If you hang around MRRC long enough, you’ll eventually hear people refer to the “Club Circle” There seems to be a fair amount of confusion as to what the circle is (or isn’t) so we thought it would be a good idea to explain the whole thing.
The history of the club circle dates back to 1972, when the ARRL, in order to prevent the formation of huge, artificial contest clubs that only existed on paper, made a rule for clubs entering an ARRL Affiliated Club Competition in the Medium and Unlimited categories that all members contributing scores for that competition had to reside within a 175 mile diameter circle.
The effect of this rule is that for ARRL Club Competitions, a club such as MRRC has to identify a geographic club center and submit a roster to the ARRL showing all club members and stations that are located within 175 miles of the club center. The ARRL then will only count scores from members/stations from that roster when totaling MRRC’s club score.
MRRC’s original club center in 1972 was selected to be at Marion, OH, which is east of Lima and north of Columbus. This location was chosen to encompass the population of MRRC members, as it was at that time. Since then, the circle has been moved twice to reflect changes in the club’s demographics. In the early 90s the center was moved northwest to Findlay, to better cover the growing membership base in Michigan. The club center has remained at Findlay to this day.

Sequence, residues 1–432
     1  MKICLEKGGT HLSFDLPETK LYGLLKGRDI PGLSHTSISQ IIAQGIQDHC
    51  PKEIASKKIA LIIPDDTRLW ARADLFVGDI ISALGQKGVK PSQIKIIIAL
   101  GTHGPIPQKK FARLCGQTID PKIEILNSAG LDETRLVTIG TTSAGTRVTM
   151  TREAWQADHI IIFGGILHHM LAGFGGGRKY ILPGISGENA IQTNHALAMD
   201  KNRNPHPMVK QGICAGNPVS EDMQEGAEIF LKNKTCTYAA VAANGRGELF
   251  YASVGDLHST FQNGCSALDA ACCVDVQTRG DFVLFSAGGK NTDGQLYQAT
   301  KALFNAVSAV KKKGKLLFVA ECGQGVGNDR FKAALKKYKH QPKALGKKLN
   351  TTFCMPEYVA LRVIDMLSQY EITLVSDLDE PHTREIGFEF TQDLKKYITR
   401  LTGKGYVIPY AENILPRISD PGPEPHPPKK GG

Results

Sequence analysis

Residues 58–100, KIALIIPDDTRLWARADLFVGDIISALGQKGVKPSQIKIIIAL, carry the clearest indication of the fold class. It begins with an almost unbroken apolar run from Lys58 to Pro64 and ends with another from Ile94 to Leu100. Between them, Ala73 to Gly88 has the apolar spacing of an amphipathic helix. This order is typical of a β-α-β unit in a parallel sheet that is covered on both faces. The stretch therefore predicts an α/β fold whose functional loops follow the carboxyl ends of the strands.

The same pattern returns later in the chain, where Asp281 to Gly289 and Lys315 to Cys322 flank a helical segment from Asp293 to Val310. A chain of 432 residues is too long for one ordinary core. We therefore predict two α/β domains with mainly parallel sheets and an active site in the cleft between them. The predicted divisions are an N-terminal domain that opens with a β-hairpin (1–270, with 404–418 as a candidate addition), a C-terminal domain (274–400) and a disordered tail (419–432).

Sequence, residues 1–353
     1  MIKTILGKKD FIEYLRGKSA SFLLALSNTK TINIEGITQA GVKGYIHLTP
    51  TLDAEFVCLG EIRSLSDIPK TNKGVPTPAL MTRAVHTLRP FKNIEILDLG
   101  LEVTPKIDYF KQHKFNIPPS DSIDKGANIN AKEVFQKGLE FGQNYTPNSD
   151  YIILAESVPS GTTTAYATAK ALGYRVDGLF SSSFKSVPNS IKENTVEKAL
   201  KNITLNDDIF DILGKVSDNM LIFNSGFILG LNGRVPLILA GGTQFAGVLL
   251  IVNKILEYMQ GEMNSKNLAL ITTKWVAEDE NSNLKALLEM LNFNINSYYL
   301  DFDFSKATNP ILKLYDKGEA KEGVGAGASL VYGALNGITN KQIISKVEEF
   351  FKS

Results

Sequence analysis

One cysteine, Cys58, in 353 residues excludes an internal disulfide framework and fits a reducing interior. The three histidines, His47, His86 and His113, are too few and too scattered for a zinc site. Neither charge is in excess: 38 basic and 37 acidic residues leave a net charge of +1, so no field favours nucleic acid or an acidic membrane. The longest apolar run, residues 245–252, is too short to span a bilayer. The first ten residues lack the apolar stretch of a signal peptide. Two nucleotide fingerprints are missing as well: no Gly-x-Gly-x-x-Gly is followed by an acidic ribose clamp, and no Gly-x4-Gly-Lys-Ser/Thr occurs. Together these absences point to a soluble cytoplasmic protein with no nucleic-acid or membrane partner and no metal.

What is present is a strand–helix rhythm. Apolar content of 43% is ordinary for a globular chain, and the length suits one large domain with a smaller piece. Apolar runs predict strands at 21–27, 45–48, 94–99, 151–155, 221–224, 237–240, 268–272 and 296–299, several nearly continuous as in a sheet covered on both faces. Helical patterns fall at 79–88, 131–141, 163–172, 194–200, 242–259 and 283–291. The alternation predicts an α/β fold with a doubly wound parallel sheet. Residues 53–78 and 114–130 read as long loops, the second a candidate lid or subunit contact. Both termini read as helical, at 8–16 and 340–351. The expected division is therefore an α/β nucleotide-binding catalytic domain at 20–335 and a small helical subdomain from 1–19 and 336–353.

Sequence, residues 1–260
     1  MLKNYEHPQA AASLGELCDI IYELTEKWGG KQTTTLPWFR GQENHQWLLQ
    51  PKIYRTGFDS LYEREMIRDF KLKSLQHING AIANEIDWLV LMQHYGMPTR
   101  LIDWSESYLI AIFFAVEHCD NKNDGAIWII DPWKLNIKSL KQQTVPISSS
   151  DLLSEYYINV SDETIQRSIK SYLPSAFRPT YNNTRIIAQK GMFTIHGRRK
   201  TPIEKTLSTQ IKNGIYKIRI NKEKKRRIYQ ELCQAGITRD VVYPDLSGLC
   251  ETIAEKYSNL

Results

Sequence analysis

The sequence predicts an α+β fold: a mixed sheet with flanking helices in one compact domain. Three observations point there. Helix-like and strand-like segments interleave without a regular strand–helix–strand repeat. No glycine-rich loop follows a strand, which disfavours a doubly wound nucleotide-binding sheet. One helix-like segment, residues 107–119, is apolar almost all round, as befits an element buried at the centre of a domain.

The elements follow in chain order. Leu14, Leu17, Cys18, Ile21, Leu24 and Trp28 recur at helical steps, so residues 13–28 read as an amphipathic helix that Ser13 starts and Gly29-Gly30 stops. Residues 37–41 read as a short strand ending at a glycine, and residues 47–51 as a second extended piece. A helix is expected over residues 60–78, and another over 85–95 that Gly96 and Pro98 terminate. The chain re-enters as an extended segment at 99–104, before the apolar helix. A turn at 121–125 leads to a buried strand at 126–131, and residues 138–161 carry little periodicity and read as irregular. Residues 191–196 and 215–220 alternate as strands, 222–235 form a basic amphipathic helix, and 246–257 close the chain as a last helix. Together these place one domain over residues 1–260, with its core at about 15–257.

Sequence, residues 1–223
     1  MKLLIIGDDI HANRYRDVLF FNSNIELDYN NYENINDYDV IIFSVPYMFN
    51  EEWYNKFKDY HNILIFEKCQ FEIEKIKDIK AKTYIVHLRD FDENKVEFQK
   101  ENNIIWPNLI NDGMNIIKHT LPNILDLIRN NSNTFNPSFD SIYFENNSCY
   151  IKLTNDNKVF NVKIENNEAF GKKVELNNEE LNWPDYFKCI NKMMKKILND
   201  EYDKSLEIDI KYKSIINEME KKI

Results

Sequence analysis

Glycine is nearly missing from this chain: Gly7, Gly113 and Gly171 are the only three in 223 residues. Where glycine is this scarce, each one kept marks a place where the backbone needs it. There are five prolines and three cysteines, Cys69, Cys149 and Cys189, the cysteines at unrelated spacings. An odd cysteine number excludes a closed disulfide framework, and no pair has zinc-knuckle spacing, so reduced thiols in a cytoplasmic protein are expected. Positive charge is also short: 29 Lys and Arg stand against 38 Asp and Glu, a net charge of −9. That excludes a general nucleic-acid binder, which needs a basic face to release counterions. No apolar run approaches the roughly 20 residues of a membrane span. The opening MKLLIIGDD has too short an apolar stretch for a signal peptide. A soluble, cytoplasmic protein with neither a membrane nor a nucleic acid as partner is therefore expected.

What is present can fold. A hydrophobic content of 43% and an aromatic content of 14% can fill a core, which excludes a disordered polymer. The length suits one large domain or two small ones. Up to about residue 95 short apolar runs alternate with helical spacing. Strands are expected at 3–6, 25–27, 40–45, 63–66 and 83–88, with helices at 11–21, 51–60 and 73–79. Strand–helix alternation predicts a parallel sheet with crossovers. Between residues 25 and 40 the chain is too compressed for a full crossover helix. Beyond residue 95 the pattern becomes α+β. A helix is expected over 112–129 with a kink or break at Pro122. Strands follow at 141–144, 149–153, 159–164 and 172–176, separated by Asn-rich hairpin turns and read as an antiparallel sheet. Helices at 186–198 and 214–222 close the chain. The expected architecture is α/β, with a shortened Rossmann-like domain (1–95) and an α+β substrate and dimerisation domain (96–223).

The map below illustrates the current club circle, covering a 175 mile radius from Findlay, OH (EN81eb). The circle covers essentially all of Ohio except for a small area at the south. It also covers approximately one-third of Michigan’s lower peninsula. In the process, it also covers a large portion of Indiana, which is of no benefit to MRRC since we have no members there (and most contesters belong to the Society Of Midwest Contesters (SoMC)).
Some things to understand about the MRRC Club Circle:
- The club circle only applies to score submissions for ARRL Club Competitions such as SS, ARRL 160, ARRL 10 and ARRL DX. It does not apply for score submissions in contests sponsored by the NCJ, CQ Magazine, or others.
- The club circle has nothing to do with membership in MRRC. Everyone is welcome to join MRRC – you do not have to live or operate from within the club circle to be a member.
- As mentioned earlier, the club tries to position the circle to cover the maximum number of club members. We do not adjust the club circle from contest to contest. If you find yourself outside the circle, and you’d like to be inside, please contact club officers K8CC or K1LT to indicate your interest, and the club will look into a way to accommodate your request. Moving the club circle is considered official club business and requires a membership vote at an official club meeting (historically, this has been done at the Dayton meeting).
Hopefully, this information will clear up any misunderstanding about the MRRC Club Circle and what it applies to.